“We took seven Chinese master chefs on a road trip in Australia,” Holen said. “They wanted to see where their beef was coming from. We met in Melbourne, flew to Adelaide, and rented a big car and trailer and drove back. It was awesome. What we’re trying to do is make the world a little bit smaller through food and get people out of their normal routines.”  

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Coast calendar: The light shines on youth

The work of young filmmakers, stories inspired by Cinderella and Dr. Suess, and a documentary about Anne Frank are among coastal offerings

It’s film festival time in Manzanita, and the light is shining on young filmmakers from around the world. Each of the short films to be screened Friday was honored last year at the Gateway Film Festival, organized and hosted by students and Media Arts Department faculty at Pacific University in Forest Grove. Professor Jennifer Hardacker, who has shown her own films at the Hoffman Center for the Arts, will attend the screening to discuss the films. Showtime is 7:30 p.m. Feb. 28 in the Hoffman Center. Admission is $7. Films to be shown are:

  • Let.Go.Before.Trying, by Anna Mendes of Ashland
  • Istanbul: Home Away From Home, by Selin Tiryakioglu of Florida
  • Double Vida, by Sharlany Gonzalez of the Dominican Republic and Maryland
  • 63 Miles Away, by Emma Josephson of Portland
  • Writer’s Block Party, by Gabriella Sipe of Olympia
  • The Quiet, by Radheya Jegatheva of Australia
  • She, by Felix Koble of South Africa
  • Beacons of Portland, by David Pascual-Matias of Portland
  • Irony, by Radheya Jegatheva of Australia
Mel Brown
Mel Brown will lead his jazz quartet in a concert during Nehalem Winterfest.

NEHALEM IS PREPARING for the annual Nehalem Winterfest March 6-8. Performers are: the Marlin James Band, a country/rock group with influences ranging from Eddie Van Halen to George Strait, at 7 p.m. Friday; Eagles tribute band Eagle Eyes at 7 p.m. Saturday; and legendary Portland jazz band the Mel Brown Quartet at 2 p.m. Sunday. Performances are in North Country Recreation District Performing Arts Center. Tickets range from $18 to $29 and are available here.

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Fishers of poetry

Nearly 100 commercial fishermen and women will share poems, stories, and songs during the 23rd annual FisherPoets Gathering next week in Astoria

I had been on the Oregon Coast just shy of five months when I learned of the FisherPoets Gathering. I’d never heard of fisher poets, much less a gathering for them. But I must have been intrigued all those 19 years ago, because I drove the 130-odd miles up U.S. 101 to Astoria, a place I’d never seen.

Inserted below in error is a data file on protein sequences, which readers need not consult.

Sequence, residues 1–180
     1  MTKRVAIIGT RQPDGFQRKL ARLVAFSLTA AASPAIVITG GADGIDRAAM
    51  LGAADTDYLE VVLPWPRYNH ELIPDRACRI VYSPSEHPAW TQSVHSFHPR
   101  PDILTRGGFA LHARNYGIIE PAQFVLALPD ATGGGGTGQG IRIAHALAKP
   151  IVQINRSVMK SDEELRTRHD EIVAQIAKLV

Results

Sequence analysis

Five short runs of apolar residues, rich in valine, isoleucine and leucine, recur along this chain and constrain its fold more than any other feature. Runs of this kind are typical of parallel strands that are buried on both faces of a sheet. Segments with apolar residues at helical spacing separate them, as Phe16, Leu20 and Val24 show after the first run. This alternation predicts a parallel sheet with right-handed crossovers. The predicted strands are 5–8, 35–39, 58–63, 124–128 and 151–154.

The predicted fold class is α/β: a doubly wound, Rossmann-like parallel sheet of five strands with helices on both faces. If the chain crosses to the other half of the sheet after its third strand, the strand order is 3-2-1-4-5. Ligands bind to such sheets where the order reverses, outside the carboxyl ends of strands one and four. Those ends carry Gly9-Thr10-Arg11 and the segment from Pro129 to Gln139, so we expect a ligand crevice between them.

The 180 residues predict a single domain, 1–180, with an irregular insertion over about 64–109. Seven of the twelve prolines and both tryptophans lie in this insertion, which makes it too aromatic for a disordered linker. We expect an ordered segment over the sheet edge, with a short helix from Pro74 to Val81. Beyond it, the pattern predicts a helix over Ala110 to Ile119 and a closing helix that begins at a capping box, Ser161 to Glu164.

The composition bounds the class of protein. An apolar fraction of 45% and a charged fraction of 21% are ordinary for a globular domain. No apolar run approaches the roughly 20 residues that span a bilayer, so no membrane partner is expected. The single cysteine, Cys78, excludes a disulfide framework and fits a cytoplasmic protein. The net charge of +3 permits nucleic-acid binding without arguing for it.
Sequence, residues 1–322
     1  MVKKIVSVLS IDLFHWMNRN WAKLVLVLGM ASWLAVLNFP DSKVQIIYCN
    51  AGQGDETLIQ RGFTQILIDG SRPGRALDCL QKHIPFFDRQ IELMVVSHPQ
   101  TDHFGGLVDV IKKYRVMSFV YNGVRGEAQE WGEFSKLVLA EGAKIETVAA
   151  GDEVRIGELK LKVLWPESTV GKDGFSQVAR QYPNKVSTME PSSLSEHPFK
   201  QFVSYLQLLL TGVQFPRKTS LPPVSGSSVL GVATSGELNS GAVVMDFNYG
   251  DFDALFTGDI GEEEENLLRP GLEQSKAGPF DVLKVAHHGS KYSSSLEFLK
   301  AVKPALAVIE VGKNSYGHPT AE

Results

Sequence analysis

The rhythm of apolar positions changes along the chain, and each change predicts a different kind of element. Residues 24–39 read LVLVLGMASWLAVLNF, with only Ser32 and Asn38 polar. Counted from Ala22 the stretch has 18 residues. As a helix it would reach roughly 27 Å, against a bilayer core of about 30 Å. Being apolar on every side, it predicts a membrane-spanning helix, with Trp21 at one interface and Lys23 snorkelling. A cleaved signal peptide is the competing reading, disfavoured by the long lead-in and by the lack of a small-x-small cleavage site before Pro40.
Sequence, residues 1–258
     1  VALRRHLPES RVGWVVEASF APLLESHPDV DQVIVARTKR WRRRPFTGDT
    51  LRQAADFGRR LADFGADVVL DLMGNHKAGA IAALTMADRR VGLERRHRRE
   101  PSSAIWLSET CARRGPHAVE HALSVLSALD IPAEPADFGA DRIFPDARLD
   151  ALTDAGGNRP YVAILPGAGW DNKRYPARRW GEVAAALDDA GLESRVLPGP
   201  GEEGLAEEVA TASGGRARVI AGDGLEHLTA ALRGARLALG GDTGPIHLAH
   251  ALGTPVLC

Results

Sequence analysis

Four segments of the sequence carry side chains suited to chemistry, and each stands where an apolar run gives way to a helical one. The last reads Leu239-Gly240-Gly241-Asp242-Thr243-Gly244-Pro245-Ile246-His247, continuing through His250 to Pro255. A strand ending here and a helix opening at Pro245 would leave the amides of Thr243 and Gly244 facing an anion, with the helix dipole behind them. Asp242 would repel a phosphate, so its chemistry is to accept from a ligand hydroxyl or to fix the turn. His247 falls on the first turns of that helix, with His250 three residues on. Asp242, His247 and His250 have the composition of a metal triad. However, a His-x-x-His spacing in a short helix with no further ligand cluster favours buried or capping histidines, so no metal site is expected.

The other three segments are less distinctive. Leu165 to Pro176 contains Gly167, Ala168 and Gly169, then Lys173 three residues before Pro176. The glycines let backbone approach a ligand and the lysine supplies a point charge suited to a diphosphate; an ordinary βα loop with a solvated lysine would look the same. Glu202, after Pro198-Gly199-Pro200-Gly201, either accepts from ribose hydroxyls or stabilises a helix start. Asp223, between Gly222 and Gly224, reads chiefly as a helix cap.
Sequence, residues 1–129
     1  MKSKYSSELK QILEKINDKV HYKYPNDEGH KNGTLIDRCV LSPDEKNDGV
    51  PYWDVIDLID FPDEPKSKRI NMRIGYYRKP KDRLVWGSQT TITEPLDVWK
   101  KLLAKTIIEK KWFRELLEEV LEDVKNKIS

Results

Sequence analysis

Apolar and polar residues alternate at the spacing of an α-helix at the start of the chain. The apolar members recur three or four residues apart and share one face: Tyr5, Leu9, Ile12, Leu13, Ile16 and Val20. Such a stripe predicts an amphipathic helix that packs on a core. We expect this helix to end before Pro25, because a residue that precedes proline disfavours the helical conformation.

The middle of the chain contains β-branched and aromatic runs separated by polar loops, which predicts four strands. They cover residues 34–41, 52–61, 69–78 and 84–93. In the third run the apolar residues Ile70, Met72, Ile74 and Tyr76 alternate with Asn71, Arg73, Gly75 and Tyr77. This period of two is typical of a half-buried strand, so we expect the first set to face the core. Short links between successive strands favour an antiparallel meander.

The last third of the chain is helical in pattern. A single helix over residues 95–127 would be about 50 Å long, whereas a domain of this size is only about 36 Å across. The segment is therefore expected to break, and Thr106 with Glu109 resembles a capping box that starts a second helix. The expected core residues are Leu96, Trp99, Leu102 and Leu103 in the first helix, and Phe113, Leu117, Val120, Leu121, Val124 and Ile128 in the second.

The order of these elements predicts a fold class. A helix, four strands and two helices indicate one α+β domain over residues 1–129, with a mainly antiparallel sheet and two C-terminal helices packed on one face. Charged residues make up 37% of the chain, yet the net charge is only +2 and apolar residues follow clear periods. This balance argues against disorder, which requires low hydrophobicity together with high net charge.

That was the fourth year of the gathering, which celebrates the commercial fishing industry in poetry, prose and music. Even then, the Wet Dog Café venue was filled to overflowing. I returned several years for more, and nearly two decades later, the poems — though not necessarily the poets’ names — stay with me.

There was the young guy who hired on with a fishing vessel only to show up at the dock on the appointed day to find the skipper had headed out a day early. Not long after, he learned the entire crew perished when the vessel capsized. One woman talked of the time her boat burned on Thanksgiving, destroying everything, which wasn’t much in the first place. I made friends with Dave Densmore, who read Skeeter’s Song, the story of the day he lost his son and his father when they took Skeeter’s boat out for a quick cruise on the bay and never returned. It was Skeeter’s 14th birthday.

Besides writing poetry, FisherPoets founder Jon Broderick plays guitar, banjo, and occasional tin whistle. Photo by Patrick Dixon, courtesy FisherPoets Gathering

This year marks the 23rd FisherPoets Gathering, which takes place the last weekend of February at multiple venues around Astoria. Nearly 100 poets, storytellers and songwriters will share tales beginning Feb. 28. Event buttons, good for all weekend, are $20 and available at the door.

The gathering was fisherman Jon Broderick’s idea, earning him the title of “founder,” but only, he says, because he made the first phone call. That was to John van Amerongen, then-editor of Alaska Fisherman’s Journal, who frequently published the work of fisher poets in the magazine.

“I called to see if he had addresses for me,” Broderick recalled. “He did. Forty addresses. I contacted all of them. Thirty-nine said yes. Everybody I called said, ‘Let me talk to someone else.’ One person called another. We never talked to anybody who didn’t think it was a great idea. By word of mouth it spread. We never had to twist anyone’s arm.”

Broderick, whose family has fished for salmon in Bristol Bay, Alaska, for three decades, was already writing poetry, but his motive in putting together the gathering was not so much to foster literary pursuits, but friendship.

“Commercial fishermen are tightly knit, but far flung,” Broderick said. “You lose track of people. These are people … they’ve sunk boats, gone aground. They’ve had to deal with hardship and figure ways to carry on. That kind of resiliency is typical of commercial fishermen. Of course, this was all in the days before social media, and if you wanted to get together, you needed an occasion. I invited my friends to get together and read poems. Everybody came and they brought friends.”